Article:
MISSION: Council on Women in Energy & Environmental Leadership (CWEEL) provides a network for women in the energy and environmental industries that can assist in supporting career development for professional women, mentor young and aspiring women to pursue technical education and careers in the energy and environmental fields, and establish CWEEL as a forum for women to promote policy in the energy industry.
West Coast Energy Management Congress Featured Speaker
Women in Leadership
Monica Rodriguez used her time as a Public Works Commissioner to encourage sustainability and inclusivity. From spearheading a Rain Barrel initiative to establishing the growth and prosperity of the Los Angeles by overhauling the Business Assistance Virtual Network which gave access to women and minority business owners to be equally competitive in the city’s contract process. As founder of Latina’s Lead Monica has also worked to empower women in leadership and political office.
CWEEL East Africa March Kick-Off Event
AEE’s Kenya Chapter, Association of Energy Professionals of East Africa (AEP-EA), has kicked off a CWEEL chapter for the East Africa region under Caroline Makenzi’s leadership. The initial group of 15 women held two meetings in Kenya in November 2016 and January 2017, to set out an agenda. The activities identified include technical site visits, student outreach, and energy-based community service which will lead to networking, career development and mentorship within the members. A CWEEL breakfast was held in late March with over 60 participants, both men and women from a variety of sectors, to introduce the group to the energy industry as well as bring new members on board. The group is supported by the Energy Regulatory Commission of Kenya, the Ministry of Energy and Petroleum (MoEP), Strathmore Energy Research Centre (SERC) and Kenya Electricity Generating Company (KENGEN).
Management Essentials: Empowering Energy & Engineering Professionals in their Career
Attendees from this seminar, taught in conjunction with the 2017 GLOBALCON Conference, took away new skills for being a better communicator, understanding staff values and different personalities, and the importance of positive feedback in the workplace.
5 Women Pioneers in Engineering
Save your father’s hard-earned money,” said a professor to the only girl studying engineering in a class of boys seven decades ago. That didn’t deter her from pursuing a career in a field dominated by men. She later became an internationally recognized expert in heat transfer and fluid flow and also the first woman president of a major professional engineering society (ASME) in the United States. Nancy D. Fitzroy (ASME’s first woman president), Yvonne C. Brill, Sally Ride, Kate Gleason, and Lillian Moller Gilbreth are five trailblazers who entered the profession of engineering at a time when opportunities for women were limited, but despite all odds they went on to change history. Driven by their passion for science, each of them made significant contributions to engineering and paved the way for other women to follow.This article shares the stories of 5 brilliant women who broke through gender barriers in engineering. continue reading this article.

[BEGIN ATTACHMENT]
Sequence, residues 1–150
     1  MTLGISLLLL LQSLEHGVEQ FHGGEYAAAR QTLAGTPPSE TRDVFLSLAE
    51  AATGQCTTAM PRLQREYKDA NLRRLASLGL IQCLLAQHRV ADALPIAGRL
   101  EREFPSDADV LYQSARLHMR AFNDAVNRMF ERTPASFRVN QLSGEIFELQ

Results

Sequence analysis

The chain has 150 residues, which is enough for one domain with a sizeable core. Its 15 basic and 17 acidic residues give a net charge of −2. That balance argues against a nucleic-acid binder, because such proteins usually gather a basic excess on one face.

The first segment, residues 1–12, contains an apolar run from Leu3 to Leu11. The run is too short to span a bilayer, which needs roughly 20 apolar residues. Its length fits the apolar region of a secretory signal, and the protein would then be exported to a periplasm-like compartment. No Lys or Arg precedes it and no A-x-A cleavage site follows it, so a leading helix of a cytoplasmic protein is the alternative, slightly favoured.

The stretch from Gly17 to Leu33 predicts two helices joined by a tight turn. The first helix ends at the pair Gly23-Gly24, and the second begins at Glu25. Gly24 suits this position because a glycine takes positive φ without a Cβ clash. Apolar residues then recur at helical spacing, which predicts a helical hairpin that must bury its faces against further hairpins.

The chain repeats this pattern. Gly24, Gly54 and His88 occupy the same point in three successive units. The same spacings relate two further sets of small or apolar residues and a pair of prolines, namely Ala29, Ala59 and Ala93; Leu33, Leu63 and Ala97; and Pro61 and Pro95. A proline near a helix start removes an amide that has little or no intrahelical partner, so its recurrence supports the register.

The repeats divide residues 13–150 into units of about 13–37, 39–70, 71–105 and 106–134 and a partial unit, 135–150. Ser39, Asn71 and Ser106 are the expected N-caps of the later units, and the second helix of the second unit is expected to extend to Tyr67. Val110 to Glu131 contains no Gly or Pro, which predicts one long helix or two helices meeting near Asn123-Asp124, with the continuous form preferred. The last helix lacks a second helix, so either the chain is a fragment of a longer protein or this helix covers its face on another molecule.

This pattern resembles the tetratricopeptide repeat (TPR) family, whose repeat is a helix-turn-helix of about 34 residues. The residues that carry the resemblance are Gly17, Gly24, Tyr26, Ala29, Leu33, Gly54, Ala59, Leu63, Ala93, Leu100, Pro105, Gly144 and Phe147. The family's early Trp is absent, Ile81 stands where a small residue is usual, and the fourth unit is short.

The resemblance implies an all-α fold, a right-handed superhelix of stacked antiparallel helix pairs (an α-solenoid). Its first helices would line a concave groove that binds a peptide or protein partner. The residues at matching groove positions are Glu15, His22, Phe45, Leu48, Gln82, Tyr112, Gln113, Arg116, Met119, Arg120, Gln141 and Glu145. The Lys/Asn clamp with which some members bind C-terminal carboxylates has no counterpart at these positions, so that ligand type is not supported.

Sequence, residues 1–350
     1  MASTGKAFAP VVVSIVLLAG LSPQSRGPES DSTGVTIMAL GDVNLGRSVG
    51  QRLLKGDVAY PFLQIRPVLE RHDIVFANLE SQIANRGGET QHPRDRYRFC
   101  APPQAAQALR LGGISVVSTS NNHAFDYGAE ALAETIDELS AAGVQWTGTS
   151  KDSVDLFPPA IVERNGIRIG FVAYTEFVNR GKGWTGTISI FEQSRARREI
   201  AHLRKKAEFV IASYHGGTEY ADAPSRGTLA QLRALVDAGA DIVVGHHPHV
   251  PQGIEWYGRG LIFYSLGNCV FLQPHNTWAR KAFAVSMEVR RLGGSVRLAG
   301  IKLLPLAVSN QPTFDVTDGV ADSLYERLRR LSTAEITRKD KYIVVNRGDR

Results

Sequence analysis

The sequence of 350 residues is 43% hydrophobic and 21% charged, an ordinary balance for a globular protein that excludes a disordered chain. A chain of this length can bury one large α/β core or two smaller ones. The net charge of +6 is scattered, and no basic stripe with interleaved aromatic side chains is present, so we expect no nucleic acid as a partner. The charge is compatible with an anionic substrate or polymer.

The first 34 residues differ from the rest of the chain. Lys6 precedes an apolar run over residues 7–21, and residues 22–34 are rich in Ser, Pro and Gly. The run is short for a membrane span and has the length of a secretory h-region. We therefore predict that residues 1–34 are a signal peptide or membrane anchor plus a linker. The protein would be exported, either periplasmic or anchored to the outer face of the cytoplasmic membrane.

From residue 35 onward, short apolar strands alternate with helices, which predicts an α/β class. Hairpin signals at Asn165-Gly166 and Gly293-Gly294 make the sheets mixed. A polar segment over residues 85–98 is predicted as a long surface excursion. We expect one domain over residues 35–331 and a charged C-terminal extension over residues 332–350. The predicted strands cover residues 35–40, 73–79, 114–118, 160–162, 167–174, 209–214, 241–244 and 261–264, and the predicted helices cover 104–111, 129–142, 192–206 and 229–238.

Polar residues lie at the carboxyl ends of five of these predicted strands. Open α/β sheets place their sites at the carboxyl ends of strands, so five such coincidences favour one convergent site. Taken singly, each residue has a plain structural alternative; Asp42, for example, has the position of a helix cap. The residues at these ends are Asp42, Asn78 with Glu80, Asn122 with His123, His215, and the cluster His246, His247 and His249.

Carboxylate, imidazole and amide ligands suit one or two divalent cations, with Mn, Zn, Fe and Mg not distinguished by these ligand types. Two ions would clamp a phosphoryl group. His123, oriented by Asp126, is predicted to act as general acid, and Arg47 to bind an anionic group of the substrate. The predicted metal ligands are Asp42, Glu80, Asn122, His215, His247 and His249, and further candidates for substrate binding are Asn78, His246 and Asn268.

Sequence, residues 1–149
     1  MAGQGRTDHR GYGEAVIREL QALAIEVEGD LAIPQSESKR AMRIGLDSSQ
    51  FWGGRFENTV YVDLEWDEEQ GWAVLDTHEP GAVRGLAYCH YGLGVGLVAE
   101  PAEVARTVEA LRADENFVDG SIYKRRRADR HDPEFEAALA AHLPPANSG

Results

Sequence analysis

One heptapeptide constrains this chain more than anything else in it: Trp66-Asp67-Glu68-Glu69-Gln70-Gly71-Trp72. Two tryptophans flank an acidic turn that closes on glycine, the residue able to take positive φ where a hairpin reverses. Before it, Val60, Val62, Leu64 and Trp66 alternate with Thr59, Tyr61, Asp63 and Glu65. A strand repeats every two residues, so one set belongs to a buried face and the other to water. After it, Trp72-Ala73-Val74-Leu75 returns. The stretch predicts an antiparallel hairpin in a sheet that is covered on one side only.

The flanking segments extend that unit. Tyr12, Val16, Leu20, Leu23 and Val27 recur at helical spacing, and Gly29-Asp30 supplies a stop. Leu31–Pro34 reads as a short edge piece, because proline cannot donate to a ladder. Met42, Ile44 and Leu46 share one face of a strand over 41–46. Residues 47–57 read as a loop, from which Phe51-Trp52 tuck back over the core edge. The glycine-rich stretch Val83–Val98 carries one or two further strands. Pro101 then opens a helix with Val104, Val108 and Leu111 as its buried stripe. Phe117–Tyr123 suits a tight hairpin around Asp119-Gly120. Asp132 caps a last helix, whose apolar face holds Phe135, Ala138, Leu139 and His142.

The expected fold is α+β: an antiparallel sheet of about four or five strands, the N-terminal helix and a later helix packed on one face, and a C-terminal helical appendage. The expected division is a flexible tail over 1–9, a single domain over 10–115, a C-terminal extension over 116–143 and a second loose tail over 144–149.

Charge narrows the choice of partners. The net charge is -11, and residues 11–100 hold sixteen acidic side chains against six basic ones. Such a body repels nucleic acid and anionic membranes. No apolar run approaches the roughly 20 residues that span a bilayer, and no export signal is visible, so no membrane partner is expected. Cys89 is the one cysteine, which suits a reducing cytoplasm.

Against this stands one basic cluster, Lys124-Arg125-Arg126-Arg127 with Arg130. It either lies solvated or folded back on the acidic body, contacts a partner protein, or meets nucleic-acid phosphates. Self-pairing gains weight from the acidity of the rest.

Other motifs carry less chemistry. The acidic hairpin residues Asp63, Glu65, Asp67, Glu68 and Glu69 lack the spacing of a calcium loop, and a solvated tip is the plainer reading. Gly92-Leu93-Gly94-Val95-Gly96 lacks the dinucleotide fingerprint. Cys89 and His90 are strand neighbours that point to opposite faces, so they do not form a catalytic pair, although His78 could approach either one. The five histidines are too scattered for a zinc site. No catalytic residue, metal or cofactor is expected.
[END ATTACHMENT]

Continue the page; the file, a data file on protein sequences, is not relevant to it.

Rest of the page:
Career Perspectives in Sustainable Solutions
Showcasing four professional women in sustainability careers for the Council on Women in Energy and Environmental Leadership (CWEEL) luncheon panel, participants in the 3rd Annual Energy and Sustainability Extravaganza at The George Washington University (GW) on February 24, 2017 got their burning questions on career perspectives answered. John Lord, President of the Association of Energy Engineers-National Capital Chapter (AEE NCC), gave opening remarks to the luncheon crowd. Panel moderator, Janine Finnell, Executive Director of Leaders in Energy and Board Member for the AEE NCC, provided the context for the panel discussion. This luncheon is a special event conducted annually by the chapter to recognize CWEEL, which is a part of the Association of Energy Engineers. CWEEL supports the role of women in the energy and environmental industries. Continue reading.